Prosthetic Arm Market to Develop as Researchers Create a Prosthetic Hand that can Provide Users with Great Dexterity
Posted On April 16, 2022
Prosthetic hand users have struggled to type on a keyboard, press buttons on a remote control, or braid a child's hair. Modern artificial hands are mechanically capable of individual control of all five digits. However, users can only control one grip function at a time with current myoelectric prosthetic hands.
Haptic/touch sensation feedback and EMG (Electromyogram) control were coupled in groundbreaking work. The study's findings could lead to a paradigm shift in how limb-impaired persons handle robotic hands now and in the future. The novel wearable soft robotic armband could be a game-changer for the Prosthetic Arm Market as it could help users looking for long-awaited dexterity improvements.
The study's objective revolved around the question of whether humans could accurately regulate the grip pressures delivered to two separate items gripped simultaneously using a dexterous robotic hand. Subjects successfully held and transferred two things simultaneously with the dexterous mechanical hand without breaking or dropping them. It was so even while their eyesight of both objects was occluded, thanks to several channels of haptic input.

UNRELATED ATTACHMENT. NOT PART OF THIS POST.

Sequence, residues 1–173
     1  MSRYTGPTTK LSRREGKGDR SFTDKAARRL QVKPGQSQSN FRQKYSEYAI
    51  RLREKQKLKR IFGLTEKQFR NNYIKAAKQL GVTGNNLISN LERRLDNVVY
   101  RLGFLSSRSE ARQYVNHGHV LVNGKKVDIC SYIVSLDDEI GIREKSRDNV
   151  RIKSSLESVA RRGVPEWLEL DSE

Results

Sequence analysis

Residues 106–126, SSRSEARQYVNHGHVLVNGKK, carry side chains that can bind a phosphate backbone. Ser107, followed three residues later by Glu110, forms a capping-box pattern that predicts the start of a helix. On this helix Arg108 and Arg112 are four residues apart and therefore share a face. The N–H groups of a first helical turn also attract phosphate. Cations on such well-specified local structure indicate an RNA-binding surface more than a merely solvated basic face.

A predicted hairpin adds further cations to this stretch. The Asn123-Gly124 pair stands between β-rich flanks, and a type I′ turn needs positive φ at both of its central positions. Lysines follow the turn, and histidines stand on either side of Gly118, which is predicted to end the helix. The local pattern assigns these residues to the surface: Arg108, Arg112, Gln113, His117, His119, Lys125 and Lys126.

By rigorously restricting visual and tactile feedback in the experimental design, the team investigated the role of visual feedback in this complicated multitasking model. They also looked at how much time could be saved in a simultaneous object transportation experiment vs a one-at-a-time approach. They created a unique multichannel wearable soft robotic armband to convey simulated touch sensations to fulfill these tasks.
The present research is the first to show that this complicated simultaneous control task may be accomplished without invasively combining numerous channels of haptic feedback. Nobody in the study had any prior experience with EMG-controlled mechanical hands. They did, however, learn to use this multitasking capacity after only two brief training sessions.
Each of the three BioTacs on the Shadow Hand fingertips is proportionally represented by one of the three air chambers on the wristband. The armband additionally has three vibrotactile actuators that vibrate to inform the subject if the object in the grasp is broken.
Enabling refined dexterous control is a complex problem to solve, as it requires the interpretation of human grasp control intentions and complementary haptic feedback of tactile sensations. It is currently a significant roadblock in preventing upper limb-absent people from multitasking or using the full dexterity of their hands and fingers. In this innovative study, the researchers address the loss of tactile sensations.